Did the Pandemic Interrupt Your Child’s Social, Speech, and Motor Development? 

Dr. Kelly Bird
We recently had the pleasure of hearing from a panel of therapists with whom we work closely to support the language and social and emotional development of our students here at Renbrook. We partner with these professionals to develop a child's toolbox of strategies for success and to educate our teachers to incorporate these strategies into the classroom. We know that children thrive when we function as a team.
Some important takeaways 
  • No child is behind because of the pandemic. They are exactly where they should be based on what they have been through. 
  • You, as parents, have done nothing wrong. Please show yourselves grace and compassion. 
Resist comparing your child to others 
Each child is their own unique individual. When asking your child about their day, some children will want to tell you a million things as soon as they get in the car, while others will need a moment to decompress before they open up. Veena Raghuvir, Renbrook’s Lower and Beginning School Counselor, says, “Take cues from your child. Perhaps they will be ready to talk at dinner or when you are lying next to one another at bedtime.” One parent shared that she plays calming music in the car when she picks her children up. After a moment of silence, she noticed that they had begun talking to one another about their days first! 
 
Help your child to develop their expressive language by narrating the day together. This exposes children to new vocabulary and descriptive language. Ask them to tell you what they see in the illustrations of a book in addition to reading the words. Model language for them instead of correcting them.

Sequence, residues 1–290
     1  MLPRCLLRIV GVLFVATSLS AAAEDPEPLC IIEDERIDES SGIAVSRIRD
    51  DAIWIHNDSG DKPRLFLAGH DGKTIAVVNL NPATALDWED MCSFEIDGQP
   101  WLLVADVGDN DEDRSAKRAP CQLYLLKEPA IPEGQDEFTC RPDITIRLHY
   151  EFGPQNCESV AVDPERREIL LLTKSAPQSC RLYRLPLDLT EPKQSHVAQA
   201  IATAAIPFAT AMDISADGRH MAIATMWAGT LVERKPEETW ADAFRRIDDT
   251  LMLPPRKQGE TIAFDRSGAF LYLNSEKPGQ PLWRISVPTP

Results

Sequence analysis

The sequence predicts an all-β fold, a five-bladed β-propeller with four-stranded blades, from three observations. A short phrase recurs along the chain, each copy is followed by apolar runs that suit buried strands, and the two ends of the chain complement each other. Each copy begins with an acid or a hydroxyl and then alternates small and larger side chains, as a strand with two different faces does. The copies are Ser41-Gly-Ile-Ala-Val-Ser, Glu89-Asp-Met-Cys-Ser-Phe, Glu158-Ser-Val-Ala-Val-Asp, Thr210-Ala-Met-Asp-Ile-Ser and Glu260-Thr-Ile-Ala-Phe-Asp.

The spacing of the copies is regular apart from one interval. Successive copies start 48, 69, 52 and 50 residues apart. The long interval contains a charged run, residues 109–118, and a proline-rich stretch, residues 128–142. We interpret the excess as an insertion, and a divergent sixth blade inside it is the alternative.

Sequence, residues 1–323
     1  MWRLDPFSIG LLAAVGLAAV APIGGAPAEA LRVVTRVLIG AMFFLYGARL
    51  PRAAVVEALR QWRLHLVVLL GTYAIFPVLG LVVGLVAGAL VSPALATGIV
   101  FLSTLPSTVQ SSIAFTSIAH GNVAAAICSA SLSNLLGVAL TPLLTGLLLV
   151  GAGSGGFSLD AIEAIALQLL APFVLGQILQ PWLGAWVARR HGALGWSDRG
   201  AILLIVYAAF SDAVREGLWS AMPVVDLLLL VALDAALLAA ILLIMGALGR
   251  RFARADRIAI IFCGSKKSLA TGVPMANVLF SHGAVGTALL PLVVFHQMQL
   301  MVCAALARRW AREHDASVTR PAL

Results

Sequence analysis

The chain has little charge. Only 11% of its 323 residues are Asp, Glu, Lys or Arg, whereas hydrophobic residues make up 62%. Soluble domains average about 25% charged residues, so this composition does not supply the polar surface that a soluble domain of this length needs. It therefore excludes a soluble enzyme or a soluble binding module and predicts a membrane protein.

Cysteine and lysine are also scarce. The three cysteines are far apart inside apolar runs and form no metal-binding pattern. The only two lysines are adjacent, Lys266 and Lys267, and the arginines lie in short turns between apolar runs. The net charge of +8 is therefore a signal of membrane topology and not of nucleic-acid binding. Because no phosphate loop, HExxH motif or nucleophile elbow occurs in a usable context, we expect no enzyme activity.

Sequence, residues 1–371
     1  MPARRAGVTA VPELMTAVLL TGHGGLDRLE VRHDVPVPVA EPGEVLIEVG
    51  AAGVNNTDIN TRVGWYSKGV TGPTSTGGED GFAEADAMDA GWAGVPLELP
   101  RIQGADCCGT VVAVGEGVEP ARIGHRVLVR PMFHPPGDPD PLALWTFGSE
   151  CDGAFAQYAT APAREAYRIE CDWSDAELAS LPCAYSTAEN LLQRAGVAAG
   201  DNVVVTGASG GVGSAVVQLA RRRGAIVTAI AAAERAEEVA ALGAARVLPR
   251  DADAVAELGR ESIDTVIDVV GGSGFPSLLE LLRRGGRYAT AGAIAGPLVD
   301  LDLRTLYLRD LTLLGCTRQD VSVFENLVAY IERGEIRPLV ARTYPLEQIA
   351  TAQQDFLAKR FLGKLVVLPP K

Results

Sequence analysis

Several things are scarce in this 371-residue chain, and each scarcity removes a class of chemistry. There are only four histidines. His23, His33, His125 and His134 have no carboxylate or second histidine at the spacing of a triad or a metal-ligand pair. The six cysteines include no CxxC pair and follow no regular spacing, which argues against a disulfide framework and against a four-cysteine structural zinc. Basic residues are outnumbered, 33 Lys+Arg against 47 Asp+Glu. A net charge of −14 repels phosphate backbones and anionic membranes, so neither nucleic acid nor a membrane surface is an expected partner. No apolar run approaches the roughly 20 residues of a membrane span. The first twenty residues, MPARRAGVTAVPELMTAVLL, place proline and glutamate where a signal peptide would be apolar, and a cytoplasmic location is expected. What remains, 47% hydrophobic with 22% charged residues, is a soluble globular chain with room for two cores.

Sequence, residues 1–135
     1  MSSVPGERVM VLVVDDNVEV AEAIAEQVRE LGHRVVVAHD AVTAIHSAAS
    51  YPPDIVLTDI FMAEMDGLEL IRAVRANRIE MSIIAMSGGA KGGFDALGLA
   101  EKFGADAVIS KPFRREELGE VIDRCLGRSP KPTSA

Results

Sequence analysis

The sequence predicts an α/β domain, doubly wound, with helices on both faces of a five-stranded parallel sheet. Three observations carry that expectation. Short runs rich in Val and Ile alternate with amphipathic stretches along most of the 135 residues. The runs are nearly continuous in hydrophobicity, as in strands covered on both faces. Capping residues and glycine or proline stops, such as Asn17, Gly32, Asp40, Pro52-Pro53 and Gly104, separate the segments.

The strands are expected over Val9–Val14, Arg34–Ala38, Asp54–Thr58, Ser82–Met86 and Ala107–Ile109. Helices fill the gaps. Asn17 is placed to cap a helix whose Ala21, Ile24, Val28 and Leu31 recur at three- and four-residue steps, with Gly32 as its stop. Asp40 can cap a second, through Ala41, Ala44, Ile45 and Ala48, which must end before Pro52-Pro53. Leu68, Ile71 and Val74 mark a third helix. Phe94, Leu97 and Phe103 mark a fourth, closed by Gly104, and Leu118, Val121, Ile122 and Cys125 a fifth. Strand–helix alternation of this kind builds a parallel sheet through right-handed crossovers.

Get curious  
When you take your child to an event, they may seem over-stimulated, cling to you, and refuse to join the group. Use this moment as an opportunity to get curious about what your child might be feeling instead of trying to push them to do what the other children are doing. Ask yourself: 
  • Is it too noisy?  
  • Do they need you to look around with them and make some observations together first? 
  • Do they need you to help them connect with another child? 
When your child is upset, ask them what they are feeling. If they are unable, consider saying, “It seems like you are scared (sad, mad, frustrated...”).” Naming the emotion will help you both to develop a strategy for addressing what they are feeling. Some children may be unable to talk about their feelings (or apologize) in the moment. They may need the space to calm down first. More language and more conversation can further overwhelm a child. 
 
Being responsive to their needs 
Your children accomplish a major feat by attending school and navigating different adults, children, and spaces all day. After-school activities may be too much for your child. If this is the case, try time at the park first or a playdate with one child. Do this on the weekend instead of after school when they may be tired.  
 
If they are interested in attending an afterschool class but seem distracted by checking to see if you are there every few minutes, ask them what they need from you in those moments. Do they feel scared? Do they want you to see what they are doing? Next time, say you will stay for 20 minutes, and then you need to step away and make a call for the last 10 minutes. Each time helps them to become less reliant on your presence. 
 
Improvement is success 
Create small, short opportunities for them to work towards a larger goal: 
  • 5 minutes of independent play 
  • 10 minutes without you watching a class 
  • 15 minutes of safe hands and feet 
Catch your child doing good with a star or a sticker at every interval. Start with what they can do and build from there. All of us, even adults, are more willing to try something that is difficult if we know what we can do! 
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